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Football Ghana


After a diary of disappointment spanning several decades, Ghanaian football is the envy of the continent once again. What’s responsible for the Black Stars’ resurgence of form? Our football editor Osasu Obayiuwana travelled to the country to find out.


Reaching for the stars U


ntil their World Cup debut at the 2006 finals in Germany, Ghana’s Black Stars were one of the inexplicable mysteries of the African game.


How could a country that had won four


African titles – winning their first in 1963 and their last in 1982, producing a string of legendary players like the late Robert Mensah, CK Gyamfi, Abdul Razak, Mo- hammed Polo, Anthony Yeboah and, of course, Abedi “Pele” Ayew, the three-time African Player of the Year – been incapable of earning a World Cup berth for so long? “We’ve no proper structure [for the de-


velopment of Ghanaian football], nothing is being done to develop the next genera- tion of footballers,” Abedi complained to me bitterly in late 2003, during a frank conversation at FIFA House on the pathet- ic state of Ghanaian football at the time. Tose barren World Cup qualifying


years, spanning nearly five decades, were particularly grating, as they painfully watched Nigeria, their friendly arch-rival, and Senegal take their place on the World Cup stage, with the latter reaching the quarter-finals at the 2002 tournament in Korea/Japan. But all that is in the past, as the Ghana-


ians have surpassed the World Cup records of their West African neighbours, with their quarter-final run at the 2010 World Cup finals in South Africa saving the con- tinent from embarrassment. Te other teams representing Africa –


Algeria, Cameroon, Côte d’Ivoire, Nigeria and host South Africa, were knocked out in the preliminaries, leaving Ghana as the continent’s sole flag bearer in the knock- out stages. And had Asamoah Gyan’s composure


86 | March 2011 New African


not failed him in the 121st minute of that unforgettable quarter-final game against Uruguay, ballooning a match-winning penalty kick over the bar at Johannesburg’s Soccer City, the Black Stars would have taken African football to a new plateau of performance. “Yes, we should have reached the semi-


final but for that mishap,” a rueful Kwesi Nyantakyi, president of the Ghana Foot- ball Association (GFA), told New African at their headquarters in Accra. “But I am very proud of what we


achieved in South Africa. It was an im- provement on our debut performance at the 2006 World Cup finals in Germany, where we were also the only African team to make it to the second round.”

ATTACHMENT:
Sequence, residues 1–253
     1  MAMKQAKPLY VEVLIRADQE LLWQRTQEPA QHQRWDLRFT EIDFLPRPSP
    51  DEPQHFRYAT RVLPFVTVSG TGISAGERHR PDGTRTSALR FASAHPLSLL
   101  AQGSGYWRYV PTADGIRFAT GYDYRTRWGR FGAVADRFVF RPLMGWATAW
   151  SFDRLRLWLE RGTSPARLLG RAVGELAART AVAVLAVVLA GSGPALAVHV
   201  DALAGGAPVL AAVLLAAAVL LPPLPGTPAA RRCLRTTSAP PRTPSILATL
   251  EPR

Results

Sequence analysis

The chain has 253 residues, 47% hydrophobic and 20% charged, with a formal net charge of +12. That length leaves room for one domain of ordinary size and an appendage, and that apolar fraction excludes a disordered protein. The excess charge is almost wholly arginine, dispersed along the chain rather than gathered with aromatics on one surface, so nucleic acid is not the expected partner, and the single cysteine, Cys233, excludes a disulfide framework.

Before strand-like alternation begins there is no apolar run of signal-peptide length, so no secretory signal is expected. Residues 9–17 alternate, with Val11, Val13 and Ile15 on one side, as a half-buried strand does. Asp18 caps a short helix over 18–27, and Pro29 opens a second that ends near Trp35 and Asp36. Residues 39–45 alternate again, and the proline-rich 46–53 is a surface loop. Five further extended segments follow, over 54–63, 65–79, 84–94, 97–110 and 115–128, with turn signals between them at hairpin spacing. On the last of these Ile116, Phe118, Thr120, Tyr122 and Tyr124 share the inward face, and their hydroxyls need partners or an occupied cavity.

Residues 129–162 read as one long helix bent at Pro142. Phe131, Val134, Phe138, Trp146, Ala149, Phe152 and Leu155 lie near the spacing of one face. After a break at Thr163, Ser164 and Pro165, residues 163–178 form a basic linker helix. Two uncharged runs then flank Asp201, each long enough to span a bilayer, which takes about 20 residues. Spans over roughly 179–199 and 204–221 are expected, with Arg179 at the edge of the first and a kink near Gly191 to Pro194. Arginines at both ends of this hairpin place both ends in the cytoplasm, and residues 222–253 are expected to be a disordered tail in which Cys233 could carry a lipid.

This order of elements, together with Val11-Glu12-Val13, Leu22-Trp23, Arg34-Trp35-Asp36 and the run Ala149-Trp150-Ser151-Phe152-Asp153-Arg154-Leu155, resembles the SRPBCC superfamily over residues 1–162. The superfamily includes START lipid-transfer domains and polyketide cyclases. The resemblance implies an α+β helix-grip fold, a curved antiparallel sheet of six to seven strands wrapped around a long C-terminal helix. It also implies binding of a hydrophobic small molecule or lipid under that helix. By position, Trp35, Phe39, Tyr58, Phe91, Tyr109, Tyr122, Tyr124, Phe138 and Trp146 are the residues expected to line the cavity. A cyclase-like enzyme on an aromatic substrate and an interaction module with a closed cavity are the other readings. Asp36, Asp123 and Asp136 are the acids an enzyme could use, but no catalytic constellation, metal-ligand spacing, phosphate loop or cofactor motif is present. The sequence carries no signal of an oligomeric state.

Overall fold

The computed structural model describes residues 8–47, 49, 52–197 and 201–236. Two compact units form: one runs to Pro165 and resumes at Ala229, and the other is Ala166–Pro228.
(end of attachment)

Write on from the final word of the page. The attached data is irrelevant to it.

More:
Rebuilding a broken house When Nyantakyi took over the GFA in 2005, initially in an acting capacity, the football-mad West African country was still licking its wounds, after an unpar- donable failure to qualify for the Nations Cup in 2004 and an early exit, courtesy of arch-rivals Nigeria, from the 2002 tourna- ment in Mali. Discipline and camaraderie had taken


leave of the team, as players had endless battles with team coaches and officials, over unpaid bonuses and the lack of ad- ministrative competence at the GFA. Nyantakyi says healing the rift between the disgruntled players, mostly Europe-


Midfielder Andre Ayew (left) and defender John Paintsil run with a Ghana flag after their Group D match against Germany at the World Cup


based, and the federation was one of the burning issues he had to tackle promptly on assuming office. “Most of the problems that Ghanaian


football has gone through in the recent past can be traced to poor management,” he admits. “But I can say that over the last five


years, we have tried to deal with these problems, which is why we have performed creditably at the last two World Cups.” Eastern European managerial influ-


ence has played a key role in Ghana’s re- cent success, with Ratomir Dujkovic and Milovan Rajevac, their coaches at the last two World Cups, both hailing from Serbia.” And following the controversial depar-


ture of Rajevac, voted Africa’s coach of the year for 2010, Ghana picked 44-year-old Goran Stefanovic, another Serbian, to take charge of the Black Stars. Rajevac, whose initial contract with


Ghana ran out after the 2010 World Cup finals, had been expected to sign an extension, taking him up to the 2014 World Cup finals in Brazil. But he opted to sign a mouth-watering contract


African titles have been incapable of earning a World Cup berth until 2006 in Germany? ”


“ How could a country that had won four


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